We need to understand the behavior of our users, how they access data, what data they access frequently, and what data is never touched. Rather than continually checking the “lastmodifieddate” attribute of every single data container or file, an audit trail gives you a list of known changes by human users.  This audit trail is crucial for quick and accurate scans for stale data, but also proves vital for forensics, behavioral analysis, and help desk use cases (“Hey! Who deleted my file?”).

3. Granular Data Selection

All data is not created equally.  HR data might have different archiving criteria than Finance data or Legal data.  Each distinct data set might require a different set of rules, so it’s important to have as many axes to pivot on as possible.  For example, you might need to select data based on its last access data as well as the sensitivity of the content (e.g., PII, PCI, HIPAA) or the profile of the users who use the data most often (C-level vs. help desk).

The capability to be granular when slicing and dicing data to determine, with confidence, which data will be affected (and how) with a specific operation will make storage pros lives much easier.

4. Automation

Lastly, there needs to be a way to automate data selection, archival, and deletion. Stale data identification cannot consume more IT resources; otherwise the storage savings diminish.  As we mentioned at the start, IT is always trying to do more with less, and intelligent automation is the key. The ability to automatically identify and archive or delete stale data, based on metadata will make this a sustainable and efficient task that can save time and money.

Interested in how you can save time and money by using automation to turbocharge your stale data identification?  Request a demo of the Varonis Data Transport Engine.

Photo credit: austinevan

5 Step Guide to Reducing the #1 Data Security Risk

RiskLast week I had the opportunity to attend an event on 3rd party data security and risk. Throughout the event, I talked with folks from many different industries and in many different roles.  I spoke with auditors, general IT managers, storage administrators, CIOs, and of course, security professionals.

What is the Top Priority for Reducing Risk?

Everyone shared one common concern:

How can we reduce risk and protect our clients’ data?

One executive was asked, “Which area would you consider your number one priority for reducing risk?”  His decisive answer was that, of all the areas of risk his massive enterprise faces, priority number one is unstructured data security.

This shocked me a bit at first, but when you think about it, it makes perfect sense.  According to Gartner, unstructured data accounts for more than 80% of all organizational data, and it’s growing approximately 50% every year.

Even data that is normally stored in databases or apps is regularly being dumped into spreadsheets for analysis, PowerPoint slides for presentations, PDFs for reading, and email for sharing between teams.

When you think about it this way, it becomes very easy to see why unstructured data is the highest risk area for many IT departments.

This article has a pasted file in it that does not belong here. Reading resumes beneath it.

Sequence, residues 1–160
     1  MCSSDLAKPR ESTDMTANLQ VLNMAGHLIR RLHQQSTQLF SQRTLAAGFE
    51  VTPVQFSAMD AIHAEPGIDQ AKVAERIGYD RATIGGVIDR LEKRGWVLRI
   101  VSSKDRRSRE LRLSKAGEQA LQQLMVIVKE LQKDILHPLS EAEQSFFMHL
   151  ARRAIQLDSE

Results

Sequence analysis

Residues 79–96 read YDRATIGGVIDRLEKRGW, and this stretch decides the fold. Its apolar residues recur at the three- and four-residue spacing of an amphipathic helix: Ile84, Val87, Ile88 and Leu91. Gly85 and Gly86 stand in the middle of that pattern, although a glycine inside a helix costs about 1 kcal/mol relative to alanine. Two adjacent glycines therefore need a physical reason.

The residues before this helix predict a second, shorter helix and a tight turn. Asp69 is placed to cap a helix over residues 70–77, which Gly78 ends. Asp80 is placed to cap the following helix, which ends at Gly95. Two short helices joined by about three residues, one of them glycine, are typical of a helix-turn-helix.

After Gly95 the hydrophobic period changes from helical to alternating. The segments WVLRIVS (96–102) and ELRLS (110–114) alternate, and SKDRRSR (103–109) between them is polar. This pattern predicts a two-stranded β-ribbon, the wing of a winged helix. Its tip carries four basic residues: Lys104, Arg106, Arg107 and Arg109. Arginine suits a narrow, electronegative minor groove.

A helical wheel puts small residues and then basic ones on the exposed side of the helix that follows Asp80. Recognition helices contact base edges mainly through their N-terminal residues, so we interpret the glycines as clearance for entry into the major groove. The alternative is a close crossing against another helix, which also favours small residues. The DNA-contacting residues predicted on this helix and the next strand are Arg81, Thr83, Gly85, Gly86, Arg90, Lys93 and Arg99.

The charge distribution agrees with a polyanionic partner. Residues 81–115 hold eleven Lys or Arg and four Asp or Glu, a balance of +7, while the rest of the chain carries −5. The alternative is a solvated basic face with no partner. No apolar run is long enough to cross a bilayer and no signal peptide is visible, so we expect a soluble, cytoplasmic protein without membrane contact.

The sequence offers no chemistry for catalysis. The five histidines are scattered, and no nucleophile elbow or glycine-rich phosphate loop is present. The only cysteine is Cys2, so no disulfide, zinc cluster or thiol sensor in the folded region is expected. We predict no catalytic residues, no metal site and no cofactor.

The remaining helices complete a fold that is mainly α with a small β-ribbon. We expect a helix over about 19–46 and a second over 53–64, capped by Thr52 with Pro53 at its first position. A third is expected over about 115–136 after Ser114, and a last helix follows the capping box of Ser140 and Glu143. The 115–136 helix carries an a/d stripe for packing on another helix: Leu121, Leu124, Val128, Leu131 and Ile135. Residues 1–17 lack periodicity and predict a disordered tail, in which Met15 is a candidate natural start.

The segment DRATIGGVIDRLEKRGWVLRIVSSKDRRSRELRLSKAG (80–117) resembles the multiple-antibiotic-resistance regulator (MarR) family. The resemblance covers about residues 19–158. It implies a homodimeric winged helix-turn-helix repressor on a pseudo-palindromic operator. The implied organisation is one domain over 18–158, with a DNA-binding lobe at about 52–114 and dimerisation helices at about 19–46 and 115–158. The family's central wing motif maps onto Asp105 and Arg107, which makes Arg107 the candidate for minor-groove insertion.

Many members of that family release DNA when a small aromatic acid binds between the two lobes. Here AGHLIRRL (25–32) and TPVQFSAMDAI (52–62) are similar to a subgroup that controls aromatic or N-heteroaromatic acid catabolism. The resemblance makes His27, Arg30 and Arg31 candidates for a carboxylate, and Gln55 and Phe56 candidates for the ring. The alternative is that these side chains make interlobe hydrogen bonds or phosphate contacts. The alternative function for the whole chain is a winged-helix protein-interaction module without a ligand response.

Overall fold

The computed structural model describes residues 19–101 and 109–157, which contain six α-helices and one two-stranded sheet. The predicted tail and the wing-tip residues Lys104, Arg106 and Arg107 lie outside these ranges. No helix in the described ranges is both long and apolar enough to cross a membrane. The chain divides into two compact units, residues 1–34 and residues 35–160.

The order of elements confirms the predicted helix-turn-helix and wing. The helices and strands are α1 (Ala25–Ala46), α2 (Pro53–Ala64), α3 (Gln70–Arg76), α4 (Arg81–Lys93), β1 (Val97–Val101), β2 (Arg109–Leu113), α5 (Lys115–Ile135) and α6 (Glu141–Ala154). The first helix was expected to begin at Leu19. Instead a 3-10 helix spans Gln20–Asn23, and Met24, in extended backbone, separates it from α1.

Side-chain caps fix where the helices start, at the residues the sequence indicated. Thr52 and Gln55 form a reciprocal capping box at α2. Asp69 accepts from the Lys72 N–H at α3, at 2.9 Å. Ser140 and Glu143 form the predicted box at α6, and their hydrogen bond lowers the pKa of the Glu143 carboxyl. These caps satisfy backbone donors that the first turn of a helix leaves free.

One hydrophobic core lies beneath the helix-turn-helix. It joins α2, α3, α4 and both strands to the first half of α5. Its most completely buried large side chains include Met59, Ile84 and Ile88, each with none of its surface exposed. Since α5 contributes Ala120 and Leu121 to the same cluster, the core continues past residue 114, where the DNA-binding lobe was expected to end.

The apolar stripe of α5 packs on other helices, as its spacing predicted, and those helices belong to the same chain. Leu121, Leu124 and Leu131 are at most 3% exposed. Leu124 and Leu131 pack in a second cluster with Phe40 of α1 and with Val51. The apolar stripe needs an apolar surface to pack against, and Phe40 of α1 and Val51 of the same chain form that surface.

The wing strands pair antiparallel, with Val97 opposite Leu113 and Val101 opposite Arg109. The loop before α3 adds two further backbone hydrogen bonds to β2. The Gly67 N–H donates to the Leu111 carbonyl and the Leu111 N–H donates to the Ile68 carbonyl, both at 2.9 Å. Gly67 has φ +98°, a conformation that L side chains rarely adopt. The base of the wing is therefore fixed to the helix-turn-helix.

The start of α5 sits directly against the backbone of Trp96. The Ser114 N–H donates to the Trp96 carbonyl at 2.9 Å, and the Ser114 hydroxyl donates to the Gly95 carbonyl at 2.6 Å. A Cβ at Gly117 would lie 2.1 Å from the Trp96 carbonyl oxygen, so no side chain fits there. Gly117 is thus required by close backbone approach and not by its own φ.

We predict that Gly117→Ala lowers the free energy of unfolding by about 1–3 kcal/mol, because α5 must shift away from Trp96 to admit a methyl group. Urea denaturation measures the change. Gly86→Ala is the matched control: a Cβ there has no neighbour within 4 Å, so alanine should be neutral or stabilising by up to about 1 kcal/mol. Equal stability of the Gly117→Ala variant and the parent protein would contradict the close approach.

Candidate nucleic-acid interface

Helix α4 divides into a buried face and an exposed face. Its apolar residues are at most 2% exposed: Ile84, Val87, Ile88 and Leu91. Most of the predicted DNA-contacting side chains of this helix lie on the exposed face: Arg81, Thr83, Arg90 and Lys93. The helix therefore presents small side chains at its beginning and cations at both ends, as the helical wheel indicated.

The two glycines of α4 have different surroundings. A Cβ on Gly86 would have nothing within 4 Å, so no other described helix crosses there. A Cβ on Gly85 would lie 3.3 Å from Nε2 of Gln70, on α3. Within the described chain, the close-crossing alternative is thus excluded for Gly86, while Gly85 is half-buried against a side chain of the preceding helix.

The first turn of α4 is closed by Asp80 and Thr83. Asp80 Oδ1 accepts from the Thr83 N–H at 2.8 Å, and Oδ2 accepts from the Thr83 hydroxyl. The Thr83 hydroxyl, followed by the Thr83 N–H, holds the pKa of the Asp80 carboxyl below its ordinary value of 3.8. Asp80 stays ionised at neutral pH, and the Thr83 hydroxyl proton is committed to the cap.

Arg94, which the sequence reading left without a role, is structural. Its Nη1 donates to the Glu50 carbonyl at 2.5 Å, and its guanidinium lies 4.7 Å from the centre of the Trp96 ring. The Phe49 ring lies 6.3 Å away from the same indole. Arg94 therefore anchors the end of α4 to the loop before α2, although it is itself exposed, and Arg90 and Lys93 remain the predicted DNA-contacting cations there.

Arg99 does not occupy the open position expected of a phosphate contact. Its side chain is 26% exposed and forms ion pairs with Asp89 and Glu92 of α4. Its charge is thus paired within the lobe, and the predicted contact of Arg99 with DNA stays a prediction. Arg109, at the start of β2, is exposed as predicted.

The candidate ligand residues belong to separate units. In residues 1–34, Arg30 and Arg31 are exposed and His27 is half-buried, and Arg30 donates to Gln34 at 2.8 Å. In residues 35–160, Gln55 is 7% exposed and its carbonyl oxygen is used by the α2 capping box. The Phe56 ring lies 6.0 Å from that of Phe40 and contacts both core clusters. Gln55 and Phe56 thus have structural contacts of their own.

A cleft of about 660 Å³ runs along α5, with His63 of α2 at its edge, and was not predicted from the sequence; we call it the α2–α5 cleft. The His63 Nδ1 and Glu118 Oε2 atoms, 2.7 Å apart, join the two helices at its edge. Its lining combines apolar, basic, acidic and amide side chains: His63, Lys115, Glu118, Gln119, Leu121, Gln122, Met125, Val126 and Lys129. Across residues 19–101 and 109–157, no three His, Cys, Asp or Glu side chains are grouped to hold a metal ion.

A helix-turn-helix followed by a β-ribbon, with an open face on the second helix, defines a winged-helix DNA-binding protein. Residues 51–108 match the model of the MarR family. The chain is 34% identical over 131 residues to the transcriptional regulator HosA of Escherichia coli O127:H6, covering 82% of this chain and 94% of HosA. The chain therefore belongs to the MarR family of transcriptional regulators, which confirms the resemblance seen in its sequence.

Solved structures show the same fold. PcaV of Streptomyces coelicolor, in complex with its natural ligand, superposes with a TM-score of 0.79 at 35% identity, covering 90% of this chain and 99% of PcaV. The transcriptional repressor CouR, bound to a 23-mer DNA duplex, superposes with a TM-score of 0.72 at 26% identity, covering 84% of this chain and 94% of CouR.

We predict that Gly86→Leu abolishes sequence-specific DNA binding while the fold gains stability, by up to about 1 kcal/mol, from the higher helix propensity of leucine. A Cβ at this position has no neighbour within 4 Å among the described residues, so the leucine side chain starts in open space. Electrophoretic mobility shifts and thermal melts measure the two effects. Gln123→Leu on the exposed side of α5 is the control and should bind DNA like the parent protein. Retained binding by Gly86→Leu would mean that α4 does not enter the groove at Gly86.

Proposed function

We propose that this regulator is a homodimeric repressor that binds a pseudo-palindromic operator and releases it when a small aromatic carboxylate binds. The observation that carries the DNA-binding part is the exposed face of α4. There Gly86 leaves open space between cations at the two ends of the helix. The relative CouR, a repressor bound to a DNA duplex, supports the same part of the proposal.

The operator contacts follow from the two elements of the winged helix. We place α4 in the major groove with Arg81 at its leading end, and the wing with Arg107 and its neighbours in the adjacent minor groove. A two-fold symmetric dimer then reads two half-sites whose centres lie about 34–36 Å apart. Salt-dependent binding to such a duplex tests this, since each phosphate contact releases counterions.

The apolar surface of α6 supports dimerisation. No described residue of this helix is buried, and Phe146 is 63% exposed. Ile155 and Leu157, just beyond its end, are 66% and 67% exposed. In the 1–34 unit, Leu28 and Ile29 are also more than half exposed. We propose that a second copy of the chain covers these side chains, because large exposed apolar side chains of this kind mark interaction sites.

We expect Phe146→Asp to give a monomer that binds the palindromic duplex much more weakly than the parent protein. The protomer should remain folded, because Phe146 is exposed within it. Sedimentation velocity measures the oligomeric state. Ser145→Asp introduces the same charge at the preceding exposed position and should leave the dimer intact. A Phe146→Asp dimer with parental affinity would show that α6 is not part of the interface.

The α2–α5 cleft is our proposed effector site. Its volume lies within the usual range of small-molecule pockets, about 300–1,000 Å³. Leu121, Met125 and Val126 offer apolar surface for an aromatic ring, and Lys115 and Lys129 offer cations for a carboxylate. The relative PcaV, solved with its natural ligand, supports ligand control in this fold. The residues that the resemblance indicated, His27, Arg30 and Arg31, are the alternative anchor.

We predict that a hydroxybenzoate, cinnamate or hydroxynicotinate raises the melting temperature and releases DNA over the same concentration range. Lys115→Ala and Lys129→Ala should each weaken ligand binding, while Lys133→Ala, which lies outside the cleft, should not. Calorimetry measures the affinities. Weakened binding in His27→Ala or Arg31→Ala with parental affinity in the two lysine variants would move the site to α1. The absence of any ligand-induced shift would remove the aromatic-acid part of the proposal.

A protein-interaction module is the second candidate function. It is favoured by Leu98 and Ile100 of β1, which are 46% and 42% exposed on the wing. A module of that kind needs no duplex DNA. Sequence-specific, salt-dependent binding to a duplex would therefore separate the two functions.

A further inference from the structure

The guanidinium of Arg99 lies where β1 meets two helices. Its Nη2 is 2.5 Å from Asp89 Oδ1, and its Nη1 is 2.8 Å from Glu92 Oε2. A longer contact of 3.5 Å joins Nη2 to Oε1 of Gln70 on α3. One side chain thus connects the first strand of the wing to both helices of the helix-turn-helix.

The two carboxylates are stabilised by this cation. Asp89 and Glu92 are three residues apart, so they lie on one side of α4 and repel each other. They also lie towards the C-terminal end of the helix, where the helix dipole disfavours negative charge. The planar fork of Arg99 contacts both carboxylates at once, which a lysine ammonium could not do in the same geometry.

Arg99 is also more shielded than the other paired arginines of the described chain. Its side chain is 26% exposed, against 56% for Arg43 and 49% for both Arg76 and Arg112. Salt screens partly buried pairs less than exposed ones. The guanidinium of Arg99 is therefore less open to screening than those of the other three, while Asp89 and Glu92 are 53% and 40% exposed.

Compliance and Regulations

In addition to the intrinsic motivation for securing unstructured data, external regulations such as SOX, HIPAA, and PCI are forcing organizations to put processes in place to ensure the protection of 3rd party data.  Unfortunately,  most organizations don’t have an efficient and affordable way to put these controls in place and prove that they’re being enforced.

An auditor I spoke with mentioned how difficult and time-consuming it is to perform attestations, and how, for most companies, entitlement reviews are manual and painful processes that don’t really accomplish the end goal of protecting data.

Where Do We Begin?  A 5 Step Guide

If you are trying to start a risk management project in your organization, here are some actionable ideas on what to focus on:

1. Identify your most valuable assets

All 3rd Party data is valuable.  Our clients trust us to manage and protect all of it.  But it is critical to pick a starting point.  To do this, talk with data owners and key stakeholders to find out which types of data are the most sensitive or most valuable.

2. Locate your most valuable assets

You can’t protect sensitive data if you don’t know where it resides.  Is it in the CEO’s mailbox?  Is it propagated across all your Windows file servers and NAS devices?  In order to do this at scale, you’ll need a data classification framework that can scan files on your network for sensitive content indicators.

3. Identify where sensitive data is overexposed

You probably found a ton of high value data in step #2.  Now you have to figure out who can access that data and prioritize data sets that are wide-open to everyone.

Many of us, when we move to a new home, we tend to change the locks. Why? Because we don’t know who has had a key in the past – the owners, realtors, past owners, builders?  This represents a big risk for us and our families.

The same principle applies with 3rd party data.  We need to identify who can access it, and what type of access they have. Then we can identify which data is overexposed, and where permissions need to be tightened up and assigned owners.

4. Monitor Data Access